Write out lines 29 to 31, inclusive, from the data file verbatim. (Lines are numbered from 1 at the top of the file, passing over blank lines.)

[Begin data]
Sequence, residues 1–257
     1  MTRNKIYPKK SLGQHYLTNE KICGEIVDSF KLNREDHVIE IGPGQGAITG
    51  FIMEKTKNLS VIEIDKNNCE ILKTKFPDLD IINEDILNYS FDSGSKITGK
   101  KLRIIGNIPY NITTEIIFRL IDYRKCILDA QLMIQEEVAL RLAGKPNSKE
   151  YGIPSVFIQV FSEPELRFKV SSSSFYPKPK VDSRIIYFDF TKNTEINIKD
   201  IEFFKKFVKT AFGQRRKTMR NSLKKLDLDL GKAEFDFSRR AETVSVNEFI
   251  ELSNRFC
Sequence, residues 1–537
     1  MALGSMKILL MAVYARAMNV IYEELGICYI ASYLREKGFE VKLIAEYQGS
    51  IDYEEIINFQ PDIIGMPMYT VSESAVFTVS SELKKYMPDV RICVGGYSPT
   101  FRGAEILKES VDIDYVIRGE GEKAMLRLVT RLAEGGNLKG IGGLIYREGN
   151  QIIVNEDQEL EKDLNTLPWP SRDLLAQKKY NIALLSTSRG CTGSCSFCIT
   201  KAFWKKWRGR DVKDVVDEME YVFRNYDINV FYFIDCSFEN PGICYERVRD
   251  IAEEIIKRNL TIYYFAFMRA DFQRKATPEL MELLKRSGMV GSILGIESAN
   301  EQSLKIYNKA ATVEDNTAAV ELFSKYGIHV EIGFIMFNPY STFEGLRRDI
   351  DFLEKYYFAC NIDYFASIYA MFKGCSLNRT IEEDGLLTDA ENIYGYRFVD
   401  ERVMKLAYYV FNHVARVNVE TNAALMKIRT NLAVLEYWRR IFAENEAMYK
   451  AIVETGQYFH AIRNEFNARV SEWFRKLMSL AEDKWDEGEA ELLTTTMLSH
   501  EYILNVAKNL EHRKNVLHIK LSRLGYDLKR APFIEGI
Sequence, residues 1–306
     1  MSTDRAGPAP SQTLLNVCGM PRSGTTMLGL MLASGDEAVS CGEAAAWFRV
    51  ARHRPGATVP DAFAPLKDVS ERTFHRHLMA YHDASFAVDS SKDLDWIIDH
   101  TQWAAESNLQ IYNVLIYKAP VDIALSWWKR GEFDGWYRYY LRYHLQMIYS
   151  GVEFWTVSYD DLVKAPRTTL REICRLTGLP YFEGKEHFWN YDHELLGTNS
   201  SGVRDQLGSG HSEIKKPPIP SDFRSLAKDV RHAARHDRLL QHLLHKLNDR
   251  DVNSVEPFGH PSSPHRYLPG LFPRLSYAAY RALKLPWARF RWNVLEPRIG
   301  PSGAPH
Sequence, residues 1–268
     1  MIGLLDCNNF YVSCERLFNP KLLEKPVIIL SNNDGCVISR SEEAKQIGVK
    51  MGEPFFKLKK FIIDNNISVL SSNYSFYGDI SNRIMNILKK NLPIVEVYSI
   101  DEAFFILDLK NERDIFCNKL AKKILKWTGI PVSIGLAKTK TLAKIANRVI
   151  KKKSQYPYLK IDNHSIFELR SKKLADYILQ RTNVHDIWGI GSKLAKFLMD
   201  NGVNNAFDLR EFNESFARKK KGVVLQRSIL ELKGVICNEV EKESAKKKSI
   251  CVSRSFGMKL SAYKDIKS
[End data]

     1  MIGLLDCNNF YVSCERLFNP KLLEKPVIIL SNNDGCVISR SEEAKQIGVK
    51  MGEPFFKLKK FIIDNNISVL SSNYSFYGDI SNRIMNILKK NLPIVEVYSI
   101  DEAFFILDLK NERDIFCNKL AKKILKWTGI PVSIGLAKTK TLAKIANRVI